Cotton Marketing Planner
Department of Agricultural Economics, Texas A&M University
Cotton Market Update for the Week Ending Friday June 15, 2018
For the week ending June 15, ICE cotton futures gyrated in a sideways pattern until the beginning of Friday’s session. An early two cent drop was followed by more erosion on Friday that saw Dec’18 settle down 311 points at 89.85 cents per pound. Grain and oilseed futures were also lower, as were other commodity futures, U.S. stock markets, and Chinese markets. This general risk-off market behavior may have been triggered by a White House announcement of immanent U.S. tariffs on 1,100 Chinese products.
A sample of option prices on ICE cotton futures saw changes from the previous week because of changes in the underlying futures price. On Thursday, June 14, a 90 cent put option on Dec’18 cotton cost 4.20 cents per pound. Out-of-the-money 85, 83, and 80 puts on Dec’18 cost only 2.14, 1.56, and 0.94 cents per pound, respectively. These values highlight the continuing opportunity to hedge minimum cash prices above projected costs of production (although all these put options were more expensive with Friday’s decline in the underlying futures).
Fundamental influences this week included an announcement by China’s National Reform and Development Commission of an additional 3.67 million statistical bales of available cotton import quota, over and above the 4.1 million bales required by WTO. (Advance knowledge of this inside China is one conspiracy theory to explain of the strength in Chinese cotton markets in recent weeks.) In other international news, the progress of the Indian monsoon slowed down, leaving important cotton growing states like Gujurat behind schedule for the onset of necessary rains. Closer to home, the U.S. Cotton Belt saw scattered rainfall which included some parts of the Texas Panhandle. The forecast for the upcoming week includes more moderate temperatures and decent rain chances in the Southern Plains, as well as tropical moisture in the coastal areas of Texas.
This market remains supported by continued long speculative positioning and other demand indicators, e.g., high U.S. export commitments and remaining potential mill fixations on Jul’18 futures. There is some risk if these hedge fund longs get spooked by some unforeseen risk-off event. The April 4 Chinese tariff proposal is an example of such an event, although its effect was brief. Nobody ultimately knows how high these markets could go, especially new crop Dec’18. The only thing you can know for sure is whether a forward contract or a hedge on today’s futures price will be a profitable, or at least survivable, price floor.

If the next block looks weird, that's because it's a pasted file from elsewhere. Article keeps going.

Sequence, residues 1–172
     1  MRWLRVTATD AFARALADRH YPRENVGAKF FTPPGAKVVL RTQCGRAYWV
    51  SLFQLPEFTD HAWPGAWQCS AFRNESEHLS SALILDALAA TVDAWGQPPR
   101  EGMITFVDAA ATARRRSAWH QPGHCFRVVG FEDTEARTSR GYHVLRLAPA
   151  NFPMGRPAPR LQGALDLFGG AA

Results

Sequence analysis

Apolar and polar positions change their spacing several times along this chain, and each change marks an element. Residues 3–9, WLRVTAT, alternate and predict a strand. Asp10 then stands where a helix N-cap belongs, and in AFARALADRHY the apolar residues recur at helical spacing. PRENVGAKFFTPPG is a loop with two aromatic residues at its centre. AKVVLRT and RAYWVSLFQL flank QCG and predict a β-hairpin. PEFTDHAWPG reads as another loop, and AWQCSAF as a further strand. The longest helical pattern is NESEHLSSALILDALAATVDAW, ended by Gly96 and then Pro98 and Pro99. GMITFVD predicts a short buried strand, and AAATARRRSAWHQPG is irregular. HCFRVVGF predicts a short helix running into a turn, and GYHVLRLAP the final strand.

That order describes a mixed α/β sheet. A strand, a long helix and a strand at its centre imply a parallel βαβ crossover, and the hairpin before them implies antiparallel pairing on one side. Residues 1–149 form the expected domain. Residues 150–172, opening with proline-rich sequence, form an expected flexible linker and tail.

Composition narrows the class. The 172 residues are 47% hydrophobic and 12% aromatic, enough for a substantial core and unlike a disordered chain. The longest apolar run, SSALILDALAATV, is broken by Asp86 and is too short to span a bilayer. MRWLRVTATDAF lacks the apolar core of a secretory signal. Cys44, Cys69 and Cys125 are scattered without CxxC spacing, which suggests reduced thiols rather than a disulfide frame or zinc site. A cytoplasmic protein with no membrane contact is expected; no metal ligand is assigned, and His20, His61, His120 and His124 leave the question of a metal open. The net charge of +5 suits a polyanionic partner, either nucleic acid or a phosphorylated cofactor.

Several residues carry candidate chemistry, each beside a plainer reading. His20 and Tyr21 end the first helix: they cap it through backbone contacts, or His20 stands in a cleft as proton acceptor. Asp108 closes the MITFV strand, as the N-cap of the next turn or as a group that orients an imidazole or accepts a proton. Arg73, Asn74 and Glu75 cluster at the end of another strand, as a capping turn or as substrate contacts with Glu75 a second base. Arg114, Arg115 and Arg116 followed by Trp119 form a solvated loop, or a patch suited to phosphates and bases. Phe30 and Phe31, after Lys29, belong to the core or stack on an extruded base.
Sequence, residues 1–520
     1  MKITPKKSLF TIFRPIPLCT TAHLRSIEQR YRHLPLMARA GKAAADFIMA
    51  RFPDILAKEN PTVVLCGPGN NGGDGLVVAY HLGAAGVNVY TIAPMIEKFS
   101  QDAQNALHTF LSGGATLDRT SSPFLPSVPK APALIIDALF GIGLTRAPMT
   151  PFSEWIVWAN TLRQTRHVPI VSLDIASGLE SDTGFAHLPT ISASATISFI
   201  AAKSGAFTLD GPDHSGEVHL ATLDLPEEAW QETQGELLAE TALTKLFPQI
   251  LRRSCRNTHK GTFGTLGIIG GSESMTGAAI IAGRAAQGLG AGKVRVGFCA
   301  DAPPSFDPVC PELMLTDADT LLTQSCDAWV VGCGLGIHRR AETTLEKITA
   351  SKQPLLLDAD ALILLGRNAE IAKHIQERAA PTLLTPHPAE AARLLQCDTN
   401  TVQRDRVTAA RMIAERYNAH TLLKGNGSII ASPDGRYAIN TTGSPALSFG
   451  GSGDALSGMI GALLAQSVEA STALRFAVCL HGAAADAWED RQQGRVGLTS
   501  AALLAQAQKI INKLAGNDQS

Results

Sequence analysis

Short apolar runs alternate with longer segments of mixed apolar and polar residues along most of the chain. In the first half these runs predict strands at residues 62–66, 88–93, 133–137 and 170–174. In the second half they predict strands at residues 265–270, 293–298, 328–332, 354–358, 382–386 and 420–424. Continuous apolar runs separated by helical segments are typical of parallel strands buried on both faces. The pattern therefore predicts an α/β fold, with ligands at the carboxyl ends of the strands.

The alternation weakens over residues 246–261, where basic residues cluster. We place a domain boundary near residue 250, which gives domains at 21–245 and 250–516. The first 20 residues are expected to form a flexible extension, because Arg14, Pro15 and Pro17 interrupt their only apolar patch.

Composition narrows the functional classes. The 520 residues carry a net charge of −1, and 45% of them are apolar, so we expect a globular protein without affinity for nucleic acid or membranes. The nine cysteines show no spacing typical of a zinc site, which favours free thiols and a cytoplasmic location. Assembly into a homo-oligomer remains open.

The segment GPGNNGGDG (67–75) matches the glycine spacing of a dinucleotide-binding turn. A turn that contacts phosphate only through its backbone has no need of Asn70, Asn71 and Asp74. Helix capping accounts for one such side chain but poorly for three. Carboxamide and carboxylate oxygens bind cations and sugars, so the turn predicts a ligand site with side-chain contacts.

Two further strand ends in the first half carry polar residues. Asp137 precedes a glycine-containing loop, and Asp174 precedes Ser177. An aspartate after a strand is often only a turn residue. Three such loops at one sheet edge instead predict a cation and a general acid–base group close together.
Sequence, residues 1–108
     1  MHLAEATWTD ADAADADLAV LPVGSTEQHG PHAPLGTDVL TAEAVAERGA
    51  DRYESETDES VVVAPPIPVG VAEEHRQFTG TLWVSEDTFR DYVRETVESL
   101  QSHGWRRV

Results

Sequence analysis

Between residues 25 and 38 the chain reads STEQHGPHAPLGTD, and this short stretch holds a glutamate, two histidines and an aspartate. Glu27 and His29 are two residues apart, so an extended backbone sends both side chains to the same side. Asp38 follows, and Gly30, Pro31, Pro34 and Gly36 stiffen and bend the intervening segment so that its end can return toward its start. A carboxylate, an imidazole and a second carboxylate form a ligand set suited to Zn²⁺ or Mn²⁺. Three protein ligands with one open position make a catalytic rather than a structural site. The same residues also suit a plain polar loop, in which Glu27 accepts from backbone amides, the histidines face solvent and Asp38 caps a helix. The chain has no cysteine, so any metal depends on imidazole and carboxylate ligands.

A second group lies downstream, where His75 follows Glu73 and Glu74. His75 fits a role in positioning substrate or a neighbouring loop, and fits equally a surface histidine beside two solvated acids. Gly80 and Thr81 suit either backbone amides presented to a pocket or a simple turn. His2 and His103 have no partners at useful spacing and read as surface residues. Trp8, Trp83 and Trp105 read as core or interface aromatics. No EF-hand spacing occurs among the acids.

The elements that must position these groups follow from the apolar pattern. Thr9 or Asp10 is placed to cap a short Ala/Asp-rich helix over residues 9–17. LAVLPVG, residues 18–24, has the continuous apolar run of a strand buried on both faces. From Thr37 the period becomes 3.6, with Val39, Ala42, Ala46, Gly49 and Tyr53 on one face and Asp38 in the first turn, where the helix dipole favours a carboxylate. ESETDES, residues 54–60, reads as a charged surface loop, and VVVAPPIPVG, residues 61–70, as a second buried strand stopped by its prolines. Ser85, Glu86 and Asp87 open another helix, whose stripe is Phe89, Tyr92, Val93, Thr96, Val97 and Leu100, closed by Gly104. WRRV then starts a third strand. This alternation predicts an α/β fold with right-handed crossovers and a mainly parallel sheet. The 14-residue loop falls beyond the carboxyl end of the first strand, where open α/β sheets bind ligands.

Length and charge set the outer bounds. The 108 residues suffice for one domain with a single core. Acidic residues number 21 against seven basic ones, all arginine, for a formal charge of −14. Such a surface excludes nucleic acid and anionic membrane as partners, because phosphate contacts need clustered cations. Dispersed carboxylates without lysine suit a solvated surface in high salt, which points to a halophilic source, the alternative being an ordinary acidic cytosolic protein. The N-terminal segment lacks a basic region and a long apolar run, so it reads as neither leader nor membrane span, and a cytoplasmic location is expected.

Given all these uncertainties, growers should consider taking advantage of present (or future) rallies, and protect themselves from sudden sell-offs. Forward contracting of new crop bales, immediate post-harvest contracting of old crop bales, and/or various options strategies can be used to limit downside risk while retaining upside potential. In hindsight, contracted 2017 bales could have been combined with call options on the deferred futures contracts. New crop put spread strategies to hedge the 2018 crop are a straightforward and relevant approach. Competitive bale and acre forward cash contract opportunities in West Texas were available earlier in the Spring, but the ongoing drought conditions and price volatility have put a damper on that. So grower hedging may be the main tactic to take advantage of the present opportunity.
For further analysis and discussion of near term price behavior, click on the menu above entitled “Near Term Influences”. Longer term price behavior is more influenced by fundamental supply and demand forces, which is discussed above under the “Market Fundamentals and Outlook” menu tab.